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All Power to the People!
Emory Douglas & The Black Panthers

28.09.2018 — 22.12.2018
friday 28.09.2018, 18:00
West Museumkwartier, Lange Voorhout 34 Den Haag
2 daags symposium

As the Minister of Culture for the Black Panther Party, Emory Douglas became responsible for all the graphic and visual design. His iconic works are symbol of the Afro-American situation during the sixties and seventies in the United States, and the struggle for change. The party was fully aware of the fact that visual culture is of major importance for the transfer of the political message. Their battle cry ‘All power to the People!’ did not lose its strength and is actually still in full force.

From 1967 until the seventies, Douglas worked as the Communications expert for the Black Panther Party. The party offered resistance to racism, police brutality and social inequality in the US, in that period during which Martin Luther King, Malcolm X and others were killed. For Douglas, art and activism formed part of each other. For more than ten years, the Black Panther Party published a newspaper, which was produced by Douglas. Together with other members, he created art for the newspaper, for posters and other printed matter. One of the major purposes was the creation of a common language, and art formed an essential part of this. As it were, art was the right tool for activism; it informed people about the problems and the necessity for a revolution.

The characteristic feature of Douglas’ style is the powerful way in which he manages to convey the Afro-American community that was still oppressed at that time. He constructed a visual mythology which helped to transform a group that felt completely powerless into an politicized and militant community. His energetic style managed to illustrate the appalling social position of the Afro-American community in a respectful and empathic way. The newspaper and Douglas’ drawings contributed to the battle for freedom by showing the brutal reality of life in the American ghettos, as well as the confrontation with the oppressors. Douglas’ most trenchant images generated aversion due to the fierce violence, but also attraction, by depicting the idea of effective self-defense.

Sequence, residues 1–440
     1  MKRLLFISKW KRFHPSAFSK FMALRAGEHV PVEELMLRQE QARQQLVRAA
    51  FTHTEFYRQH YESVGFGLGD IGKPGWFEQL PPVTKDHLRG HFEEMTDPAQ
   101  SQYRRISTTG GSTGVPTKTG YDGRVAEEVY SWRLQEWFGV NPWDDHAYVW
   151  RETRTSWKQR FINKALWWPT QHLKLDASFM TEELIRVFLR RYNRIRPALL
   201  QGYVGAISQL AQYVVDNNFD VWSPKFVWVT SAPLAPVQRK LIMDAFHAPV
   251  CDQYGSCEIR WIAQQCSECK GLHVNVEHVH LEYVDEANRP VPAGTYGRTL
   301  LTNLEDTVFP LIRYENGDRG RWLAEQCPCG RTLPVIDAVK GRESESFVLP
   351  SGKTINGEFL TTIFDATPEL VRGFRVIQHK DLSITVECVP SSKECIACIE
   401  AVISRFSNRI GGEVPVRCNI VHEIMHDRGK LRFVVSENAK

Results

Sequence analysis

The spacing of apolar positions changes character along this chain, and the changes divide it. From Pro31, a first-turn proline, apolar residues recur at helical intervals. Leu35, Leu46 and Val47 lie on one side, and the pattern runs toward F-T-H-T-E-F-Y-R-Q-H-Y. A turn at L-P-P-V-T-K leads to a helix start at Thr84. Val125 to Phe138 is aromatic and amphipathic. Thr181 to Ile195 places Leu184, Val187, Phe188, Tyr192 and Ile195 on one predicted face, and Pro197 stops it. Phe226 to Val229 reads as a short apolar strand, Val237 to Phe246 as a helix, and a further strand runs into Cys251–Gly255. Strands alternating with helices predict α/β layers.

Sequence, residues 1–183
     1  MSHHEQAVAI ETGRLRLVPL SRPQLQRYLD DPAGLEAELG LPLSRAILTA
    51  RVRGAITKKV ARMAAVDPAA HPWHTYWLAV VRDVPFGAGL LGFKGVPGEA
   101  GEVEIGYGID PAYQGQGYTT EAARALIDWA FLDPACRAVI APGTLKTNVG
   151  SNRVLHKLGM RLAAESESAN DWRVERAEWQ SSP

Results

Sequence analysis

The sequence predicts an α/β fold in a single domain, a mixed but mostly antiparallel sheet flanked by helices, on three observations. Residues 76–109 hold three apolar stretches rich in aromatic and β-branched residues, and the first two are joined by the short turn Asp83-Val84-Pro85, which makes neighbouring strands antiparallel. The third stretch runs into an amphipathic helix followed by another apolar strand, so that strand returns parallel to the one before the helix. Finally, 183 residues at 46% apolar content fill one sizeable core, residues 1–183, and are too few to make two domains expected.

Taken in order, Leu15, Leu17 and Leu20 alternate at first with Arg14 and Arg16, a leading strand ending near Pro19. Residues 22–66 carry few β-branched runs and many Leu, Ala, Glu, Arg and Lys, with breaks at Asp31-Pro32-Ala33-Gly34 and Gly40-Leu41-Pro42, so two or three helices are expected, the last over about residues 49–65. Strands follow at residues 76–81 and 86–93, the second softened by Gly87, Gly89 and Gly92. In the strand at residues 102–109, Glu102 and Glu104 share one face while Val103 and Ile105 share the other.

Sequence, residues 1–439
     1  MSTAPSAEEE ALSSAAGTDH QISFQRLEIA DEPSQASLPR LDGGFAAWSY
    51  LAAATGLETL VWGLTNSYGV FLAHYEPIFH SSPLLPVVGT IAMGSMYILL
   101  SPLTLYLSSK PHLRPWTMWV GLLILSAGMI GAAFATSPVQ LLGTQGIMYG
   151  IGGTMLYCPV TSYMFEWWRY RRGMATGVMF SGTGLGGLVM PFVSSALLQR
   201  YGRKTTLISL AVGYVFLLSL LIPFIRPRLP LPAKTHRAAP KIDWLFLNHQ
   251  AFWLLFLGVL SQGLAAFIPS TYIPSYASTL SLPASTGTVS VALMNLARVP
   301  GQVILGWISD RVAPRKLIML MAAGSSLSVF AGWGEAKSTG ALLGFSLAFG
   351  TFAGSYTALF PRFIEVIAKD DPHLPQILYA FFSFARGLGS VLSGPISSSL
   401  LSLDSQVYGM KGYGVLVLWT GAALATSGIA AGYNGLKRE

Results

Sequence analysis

Both in the US and in the Netherlands, institutional and everyday racism is still the cause of social and economic inequality between various groups in society. Douglas’ works and his appeal for revolution form a major framework to have a critical look at current times. In this exhibition, West will show works from the early years of the party that were used for the promotion and campaign of the Black Panther Party. During the two-day symposium, we want to investigate the role of artists and activists in the battle for a fairer society. And we hope to contribute to the intellectual development of future generations that will have to continue this battle.

The work of Emory Douglas (1943) has been published in several books, such as Black Panther: The Revolutionary Art of Emory Douglas’ and has been exhibited ao. MOCA Museum of contemporary Art, Los Angeles; New Museum of Contemporary Art, New York; Gregorio Escalante Gallery, Los Angeles; Tate Modern, London; SESC Sao Paulo, Brazil; Museo de Arte del Banco de la República, Bogotá; Liverpool Biennale, UK; Sydney Biennale 2008, Sydney; Yerba Buena Center for the Arts, San Francisco; Showroom Mama, Rotterdam; Urbis, Manchester; Station Museum of Contemporary Art, Houston.

This exhibition at West Den Haag is a project by La silueta and curated by Juan Pablo Fajardo.